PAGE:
McCarthy: 14 homicides in Feb. show beginning of positive trend - New York News

McCarthy: 14 homicides in Feb. show beginning of positive trend

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CHICAGO (FOX 32 News) -

Murders in Chicago hit a 50 year low in February. Fourteen homicides is nothing to celebrate, but the police superintendent told FOX 32 Friday that he believes the total is part of a trend in the right direction.

"In February we had a 50% decrease in murders," Chicago Police Supt. Garry McCarthy said. "We had 14 this year compared to about 30 last year, which really, it's good. It's not anything we call success. It's progress."

Of the 14 killed, 11 were shot and three stabbed. It's risky to tout these numbers, but McCarthy better believe his department has momentum on its side.

"We had a real good fourth quarter, which got lost in the fact that everybody was focused on 500 murders," McCarthy said. "When you look at Oct.1 – Feb. 28, we're down 30 murders in this city."

The 14 February killings certainly help the city's average after the bloodiest January in a decade and on the heels of a particularly violent 2012, which saw a 16 percent jump.

Forty-three victims in January - including 15-year-old Hadiya Pendleton, with everything to live for, gunned down for nothing but inspiring sadness and outrage nationwide - put the top cop on the hot seat.

But McCarthy said he and the mayor have a sound, holistic approach.

"As you know the mayor's done a lot of work creating programs and jobs for kids," McCarthy said. "On the front end, we've been doing a lot of very specific targeted enforcement."

People FOX 32 News spoke to in one of those targeted neighborhoods said they've certainly noticed.

"Police, they're doing their job. I see them," one resident said. "I see them every day. They are patrolling the streets more."

"The policemen have been out here a whole lot more," another resident said. "They've been on the streets a whole lot more."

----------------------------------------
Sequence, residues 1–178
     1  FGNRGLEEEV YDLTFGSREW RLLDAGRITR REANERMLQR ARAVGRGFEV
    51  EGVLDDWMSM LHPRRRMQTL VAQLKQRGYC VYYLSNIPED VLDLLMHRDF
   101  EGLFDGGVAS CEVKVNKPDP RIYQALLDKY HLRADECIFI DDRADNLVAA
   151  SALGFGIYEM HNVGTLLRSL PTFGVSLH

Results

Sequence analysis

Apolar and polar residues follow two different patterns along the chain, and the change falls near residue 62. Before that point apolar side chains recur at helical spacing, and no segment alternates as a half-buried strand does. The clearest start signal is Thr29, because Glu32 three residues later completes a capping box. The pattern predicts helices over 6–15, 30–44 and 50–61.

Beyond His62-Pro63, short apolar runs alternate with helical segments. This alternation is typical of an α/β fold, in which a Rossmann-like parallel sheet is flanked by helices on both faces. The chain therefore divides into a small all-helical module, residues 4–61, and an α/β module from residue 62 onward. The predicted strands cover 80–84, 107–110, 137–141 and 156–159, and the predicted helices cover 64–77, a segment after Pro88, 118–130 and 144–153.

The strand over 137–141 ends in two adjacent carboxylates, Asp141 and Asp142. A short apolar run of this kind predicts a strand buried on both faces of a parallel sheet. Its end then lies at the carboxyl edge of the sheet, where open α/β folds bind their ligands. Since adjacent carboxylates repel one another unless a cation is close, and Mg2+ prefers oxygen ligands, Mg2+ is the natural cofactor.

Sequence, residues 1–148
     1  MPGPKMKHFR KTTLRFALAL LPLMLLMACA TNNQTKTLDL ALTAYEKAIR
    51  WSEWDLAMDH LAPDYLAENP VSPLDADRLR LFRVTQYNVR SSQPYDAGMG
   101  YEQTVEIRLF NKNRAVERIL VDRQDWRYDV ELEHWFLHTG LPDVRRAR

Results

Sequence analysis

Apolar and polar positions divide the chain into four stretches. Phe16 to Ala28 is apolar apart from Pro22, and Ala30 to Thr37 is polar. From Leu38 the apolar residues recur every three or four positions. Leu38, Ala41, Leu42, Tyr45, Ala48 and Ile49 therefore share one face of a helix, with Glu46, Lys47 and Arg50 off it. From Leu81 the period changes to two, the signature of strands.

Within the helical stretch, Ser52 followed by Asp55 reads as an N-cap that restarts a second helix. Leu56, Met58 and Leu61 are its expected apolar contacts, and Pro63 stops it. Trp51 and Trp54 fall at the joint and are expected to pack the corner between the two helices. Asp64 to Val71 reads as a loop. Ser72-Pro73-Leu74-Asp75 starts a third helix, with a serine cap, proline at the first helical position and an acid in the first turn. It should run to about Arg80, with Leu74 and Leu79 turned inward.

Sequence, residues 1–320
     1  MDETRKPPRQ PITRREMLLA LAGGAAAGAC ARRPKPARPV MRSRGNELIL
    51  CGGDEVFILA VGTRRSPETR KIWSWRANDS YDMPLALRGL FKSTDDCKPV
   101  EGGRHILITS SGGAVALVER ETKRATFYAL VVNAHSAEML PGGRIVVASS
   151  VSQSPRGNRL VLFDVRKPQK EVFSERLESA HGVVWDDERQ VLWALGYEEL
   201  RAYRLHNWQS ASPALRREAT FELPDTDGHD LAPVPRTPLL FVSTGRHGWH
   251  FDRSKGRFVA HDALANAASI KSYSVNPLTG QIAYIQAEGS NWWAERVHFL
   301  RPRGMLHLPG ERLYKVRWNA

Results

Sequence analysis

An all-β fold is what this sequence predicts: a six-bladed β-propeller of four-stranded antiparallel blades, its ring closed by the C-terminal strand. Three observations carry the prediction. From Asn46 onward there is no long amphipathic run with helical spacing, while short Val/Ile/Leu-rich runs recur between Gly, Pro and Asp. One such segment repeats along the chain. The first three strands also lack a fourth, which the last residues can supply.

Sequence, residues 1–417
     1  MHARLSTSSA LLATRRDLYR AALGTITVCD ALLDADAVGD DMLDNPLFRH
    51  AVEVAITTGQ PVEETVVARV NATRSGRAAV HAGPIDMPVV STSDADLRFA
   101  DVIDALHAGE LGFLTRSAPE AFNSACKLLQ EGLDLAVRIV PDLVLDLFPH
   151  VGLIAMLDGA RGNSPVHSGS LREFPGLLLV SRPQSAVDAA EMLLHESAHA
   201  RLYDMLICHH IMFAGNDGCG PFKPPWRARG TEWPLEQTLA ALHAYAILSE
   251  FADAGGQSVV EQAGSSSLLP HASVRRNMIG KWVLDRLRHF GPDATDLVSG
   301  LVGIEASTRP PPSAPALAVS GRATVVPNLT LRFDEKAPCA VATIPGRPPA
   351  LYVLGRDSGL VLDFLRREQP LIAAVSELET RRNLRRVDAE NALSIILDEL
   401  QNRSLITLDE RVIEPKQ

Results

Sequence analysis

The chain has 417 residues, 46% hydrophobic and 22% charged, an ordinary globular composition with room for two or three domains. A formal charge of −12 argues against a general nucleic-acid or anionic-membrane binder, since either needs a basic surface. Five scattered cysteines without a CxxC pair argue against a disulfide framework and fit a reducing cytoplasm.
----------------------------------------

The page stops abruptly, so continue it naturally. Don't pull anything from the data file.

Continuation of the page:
The dip comes at a time of increasing pressure on Mayor Rahm Emanuel and Supt. Garry McCarthy to end the bloodbath on Chicago streets.

"It's worthy of consideration; we should note it," Art Lurigio, a criminologist at Loyola University, said of the February numbers. "But at the same time, it's really the year we should be paying attention to because statistics fluctuate for a variety of reasons."

Lurigio said those reasons may well include stepped-up police efforts to tackle homicides, but the drop in murders last month might also have to do with the national spotlight aimed at Chicago, following the slaying of Hadiya Pendleton less than a mile from President Barack Obama's Kenwood mansion.

It's possible Obama's presence and the relatively quick arrest and filing of charges in that case gave some would-be killers pause, Lurigio said.

"When was the last time a president of the United States came into a city to talk about the murder rate?" Lurigio said. "When was the last time the death of a young person was given so much media attention?"

In recent days, McCarthy has said he is continually refining crime strategies, which has included shifting 200 police officers from desk jobs to street duty.

As always, McCarthy dismisses theories about cold weather keeping a lid on violence. He said Chicago needs to take the real heat off the streets.

"Changing the gun laws is going to reduce gun violence now," McCarthy said. "We can't cure poverty overnight and we can't cure families overnight. But we can change the gun law, which is going to start curing the homicide rate."

Critics can argue that the superintendent only wants to talk about his job when things are looking up. But he knows if the numbers are high in March, he knows where the blame will fall.

"I think 14 murders is too many, we'll celebrate when we get to zero," McCarthy said. "But by the same token, like I told the troops today, ‘Good month – Let's go do it again."

The Sun-Times Media Wire contributed to this report.

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